2. May be sent only by surface transportation.
3. Must be sent only for special purposes of either:
* Medical research use.
* Manufacture of antivenin.
4. Must be properly packaged prior to mailing as follows:
* Live scorpion is packed in a double container system, with each receptacle closed or fastened in such a way as to prevent escape.
* Inner receptacle is made of material that cannot be punctured by a scorpion.
* Inner receptacle is marked "Live Scorpion."
* Cushioning material is used to prevent shifting of the inner receptacle.
* Design of packaging is of sufficient strength, as required in DMM C022.3.10, to prevent crushing of the mailpiece or escape of the contents during normal postal handling and transport.
* Address side of mailpiece is clearly marked "Live Scorpion."

While a postmaster can deny shipment of a package, the postmaster probably can only do so under appropriate circumstances. If the postmaster does so in violation of postal regulations then my guess is that the postmaster's actions would be deemed inappropriate. If on the other hand they were not being shipped under the above research exception, then they should not have been shipped via the postal service period. I know plenty of people do it, but that does not make it any more right for you or I to do it. Since Wilkes University (at least the one whose web site I visited) does not offer a medical degree, I would imagine that the research student would have had to have been using the scorpions for making antivenin, probably for their pharmacological or biochemistry programs. If that is the case, then file an appeal with USPS.

As to this:

My postmaster informed me that any and all packages mailed by me or to me will now be opened and inspected prior to me receiving or mailing them. This sounds like it maybe illegal if the postmaster has no cause to open those packages; of course it may also be legal after 9/11. Yet, it sounds like a bit of harassment to me, since he is zeroing in on you by apparently threatening to open each and every package sent to you regardless of any suspicion relating to each of them. If you feel strongly about this, then you may want to call the office of the Inspector General for the US Postal Service. Of course, you may want to wait and see if they really carry through on this, and then contact the IG. If you do that though, bear in mind that someone in USPS may decide to file charges against you for violation of 18 USC 1716. Of course that could also be seen as harassment if only filed after the fact of your complaining to the Inspector General's office, but things like this happen now and then and the government wins. Do you have that apparent 'threat' in writing? If so hang onto it for use as evidence if you ever do file a complaint

An important consideration that should help shape your future actions on this is a legal one. If you are ever found to again be shipping live scorpions through the postal service, even through another post office, and that shipment is not well documented showing it to be under the scorpion exception and following every rule to the letter, then you may be prosecuted by the Postal Service under the provisions of 18 USC 1716. If someone at the post office did open one of those packages, and was careless enough to be stung by one of your scorpions and then had an allergic reaction and died - well just imagine the possible repercussions both criminally and civilly. Criminally they could be catastrophic to you as this is a death penalty statute (same one used for the Una-Bomber, Ted K.). I am not saying you would be so sentenced, but that there certainly would likely be a long drawn out prosecution if you pled not guilty; then if found guilty there could be a stiff sentence of many years in jail. Civilly the sky is the limit when you are sued. If you use a friend to ship or receive them for you (without following the exception for shipping scorpions), and he gets caught and then spills his guts, well now you could also be charged with conspiracy. Conspiracy charges are often an easily provable charge and I believe it has a 5 year prison term as possible penalty (maybe 10 years), and possibly longer if the conspiracy is linked to the 1716 charge.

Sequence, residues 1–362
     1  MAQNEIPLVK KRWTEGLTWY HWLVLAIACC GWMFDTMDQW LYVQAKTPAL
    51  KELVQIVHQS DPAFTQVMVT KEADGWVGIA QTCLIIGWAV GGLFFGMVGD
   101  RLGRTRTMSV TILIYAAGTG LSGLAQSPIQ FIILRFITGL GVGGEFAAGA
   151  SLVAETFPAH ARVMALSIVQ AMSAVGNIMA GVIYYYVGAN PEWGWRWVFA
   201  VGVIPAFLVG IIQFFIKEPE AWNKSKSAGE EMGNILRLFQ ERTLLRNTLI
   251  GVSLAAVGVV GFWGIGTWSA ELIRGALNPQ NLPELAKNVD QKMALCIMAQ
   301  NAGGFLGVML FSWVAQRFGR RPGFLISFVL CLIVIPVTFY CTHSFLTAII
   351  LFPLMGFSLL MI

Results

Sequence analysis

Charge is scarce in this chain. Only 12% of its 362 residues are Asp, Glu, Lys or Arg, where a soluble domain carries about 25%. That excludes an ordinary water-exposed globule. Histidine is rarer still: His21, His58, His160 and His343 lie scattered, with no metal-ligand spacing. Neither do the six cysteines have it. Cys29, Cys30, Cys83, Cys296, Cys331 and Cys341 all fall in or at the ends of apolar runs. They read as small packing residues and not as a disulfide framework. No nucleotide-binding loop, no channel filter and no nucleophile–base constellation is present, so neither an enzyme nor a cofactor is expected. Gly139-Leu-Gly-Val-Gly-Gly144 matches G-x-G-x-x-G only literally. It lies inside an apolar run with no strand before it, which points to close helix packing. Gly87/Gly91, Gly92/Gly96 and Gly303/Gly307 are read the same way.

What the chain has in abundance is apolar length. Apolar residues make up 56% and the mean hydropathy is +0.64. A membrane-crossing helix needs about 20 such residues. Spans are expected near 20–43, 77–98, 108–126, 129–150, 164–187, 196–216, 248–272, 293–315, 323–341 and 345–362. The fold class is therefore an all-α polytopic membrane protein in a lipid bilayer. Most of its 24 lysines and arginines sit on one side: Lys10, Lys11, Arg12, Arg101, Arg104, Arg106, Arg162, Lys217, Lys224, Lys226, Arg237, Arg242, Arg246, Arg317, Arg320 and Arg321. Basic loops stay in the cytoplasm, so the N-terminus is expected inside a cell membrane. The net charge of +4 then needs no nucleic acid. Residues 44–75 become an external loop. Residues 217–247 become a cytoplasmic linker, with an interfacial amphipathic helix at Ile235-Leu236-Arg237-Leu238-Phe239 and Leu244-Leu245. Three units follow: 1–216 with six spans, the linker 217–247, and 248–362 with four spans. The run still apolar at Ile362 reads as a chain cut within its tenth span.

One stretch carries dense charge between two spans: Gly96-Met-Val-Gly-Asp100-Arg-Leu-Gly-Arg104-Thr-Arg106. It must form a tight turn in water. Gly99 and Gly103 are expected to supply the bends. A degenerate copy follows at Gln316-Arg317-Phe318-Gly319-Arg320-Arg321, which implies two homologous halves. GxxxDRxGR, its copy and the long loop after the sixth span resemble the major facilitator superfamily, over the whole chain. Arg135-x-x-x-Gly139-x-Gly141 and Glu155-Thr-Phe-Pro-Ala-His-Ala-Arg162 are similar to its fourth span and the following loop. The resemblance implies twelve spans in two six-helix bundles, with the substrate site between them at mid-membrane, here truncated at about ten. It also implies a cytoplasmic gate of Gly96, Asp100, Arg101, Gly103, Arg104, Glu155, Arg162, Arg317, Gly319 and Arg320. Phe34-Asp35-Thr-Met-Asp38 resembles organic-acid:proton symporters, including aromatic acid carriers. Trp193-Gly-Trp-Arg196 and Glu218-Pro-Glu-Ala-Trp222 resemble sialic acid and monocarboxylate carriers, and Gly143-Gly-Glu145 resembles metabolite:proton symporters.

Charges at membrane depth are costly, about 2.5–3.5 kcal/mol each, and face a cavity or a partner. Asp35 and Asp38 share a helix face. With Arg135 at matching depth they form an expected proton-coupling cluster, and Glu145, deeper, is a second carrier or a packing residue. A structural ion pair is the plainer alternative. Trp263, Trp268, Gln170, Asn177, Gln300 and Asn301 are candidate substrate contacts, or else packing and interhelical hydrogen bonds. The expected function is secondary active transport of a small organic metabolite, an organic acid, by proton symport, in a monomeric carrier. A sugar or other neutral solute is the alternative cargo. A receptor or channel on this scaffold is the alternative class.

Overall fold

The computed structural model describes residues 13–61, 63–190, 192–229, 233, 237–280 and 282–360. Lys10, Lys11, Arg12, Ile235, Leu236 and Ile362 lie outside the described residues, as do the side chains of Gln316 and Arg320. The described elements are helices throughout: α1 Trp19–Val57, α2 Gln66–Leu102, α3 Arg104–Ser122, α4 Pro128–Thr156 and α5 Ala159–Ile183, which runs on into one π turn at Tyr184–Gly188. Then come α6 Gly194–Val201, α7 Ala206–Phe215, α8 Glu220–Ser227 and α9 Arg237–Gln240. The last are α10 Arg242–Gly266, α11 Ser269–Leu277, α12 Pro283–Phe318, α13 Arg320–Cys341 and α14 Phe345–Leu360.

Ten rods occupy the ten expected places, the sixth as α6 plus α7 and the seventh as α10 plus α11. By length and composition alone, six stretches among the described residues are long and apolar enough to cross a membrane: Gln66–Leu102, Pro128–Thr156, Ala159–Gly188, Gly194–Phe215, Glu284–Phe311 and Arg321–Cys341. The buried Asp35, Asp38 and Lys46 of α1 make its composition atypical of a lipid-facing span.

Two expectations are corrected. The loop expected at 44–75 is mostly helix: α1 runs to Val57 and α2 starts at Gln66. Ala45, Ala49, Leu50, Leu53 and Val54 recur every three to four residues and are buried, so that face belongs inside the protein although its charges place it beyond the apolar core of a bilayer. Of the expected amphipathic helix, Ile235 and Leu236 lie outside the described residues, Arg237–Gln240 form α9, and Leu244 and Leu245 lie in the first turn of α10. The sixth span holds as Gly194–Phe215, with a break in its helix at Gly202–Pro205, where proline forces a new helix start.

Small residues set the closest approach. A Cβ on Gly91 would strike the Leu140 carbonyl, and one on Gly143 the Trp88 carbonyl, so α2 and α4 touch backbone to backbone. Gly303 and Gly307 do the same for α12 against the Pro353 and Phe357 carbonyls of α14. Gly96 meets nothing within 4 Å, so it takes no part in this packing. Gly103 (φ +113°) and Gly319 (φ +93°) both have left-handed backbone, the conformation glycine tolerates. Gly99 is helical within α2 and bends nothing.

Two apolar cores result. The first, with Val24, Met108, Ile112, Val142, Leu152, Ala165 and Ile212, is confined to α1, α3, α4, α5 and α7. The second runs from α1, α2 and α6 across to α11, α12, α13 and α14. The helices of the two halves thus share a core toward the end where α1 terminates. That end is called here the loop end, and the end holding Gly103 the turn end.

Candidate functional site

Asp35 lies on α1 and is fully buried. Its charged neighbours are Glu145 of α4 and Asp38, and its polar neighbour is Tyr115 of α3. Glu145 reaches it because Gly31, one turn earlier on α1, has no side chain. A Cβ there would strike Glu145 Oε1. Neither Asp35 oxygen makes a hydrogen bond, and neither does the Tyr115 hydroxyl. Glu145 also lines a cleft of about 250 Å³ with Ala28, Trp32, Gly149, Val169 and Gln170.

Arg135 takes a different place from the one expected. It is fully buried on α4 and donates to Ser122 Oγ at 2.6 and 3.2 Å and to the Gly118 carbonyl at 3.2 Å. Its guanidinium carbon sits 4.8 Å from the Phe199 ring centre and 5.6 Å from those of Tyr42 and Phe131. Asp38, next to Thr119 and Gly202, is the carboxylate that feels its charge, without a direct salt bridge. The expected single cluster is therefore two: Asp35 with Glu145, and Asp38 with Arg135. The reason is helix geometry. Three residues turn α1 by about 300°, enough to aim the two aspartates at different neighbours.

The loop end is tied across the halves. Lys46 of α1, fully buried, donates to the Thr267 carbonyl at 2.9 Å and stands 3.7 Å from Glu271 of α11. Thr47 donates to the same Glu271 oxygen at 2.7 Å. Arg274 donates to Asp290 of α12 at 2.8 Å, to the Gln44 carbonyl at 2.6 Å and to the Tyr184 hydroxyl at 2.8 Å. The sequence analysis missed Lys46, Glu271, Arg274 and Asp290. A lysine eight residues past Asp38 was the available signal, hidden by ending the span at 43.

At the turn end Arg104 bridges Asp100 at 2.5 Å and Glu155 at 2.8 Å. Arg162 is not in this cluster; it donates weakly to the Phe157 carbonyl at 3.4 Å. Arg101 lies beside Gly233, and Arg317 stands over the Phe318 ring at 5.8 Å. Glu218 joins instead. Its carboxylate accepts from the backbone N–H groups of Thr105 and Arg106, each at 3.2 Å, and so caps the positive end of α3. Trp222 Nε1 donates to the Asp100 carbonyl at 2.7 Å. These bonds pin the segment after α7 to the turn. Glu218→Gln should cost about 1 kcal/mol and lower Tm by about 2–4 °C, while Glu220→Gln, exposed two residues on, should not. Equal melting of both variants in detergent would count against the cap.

Of course, if it is legal, and you really are shipping to someone who will use them to perform medical research and/or create antivenin then none of that bad stuff should happen and you possibly have a valid gripe against the postmaster. You may also want to contact your local congressperson and senators about this issue to try and have the law changed. If you could gather enough support among the animal industry you may succeed; but I believe that despite anything that you do on this issue, it will be unlikely that the regulations concerning shipment of live scorpions will change in the near future in this post 9/11 world. As for me, I would ship via Delta Dash if I wanted to stay on the safe side.

Best regards,
Glenn B;)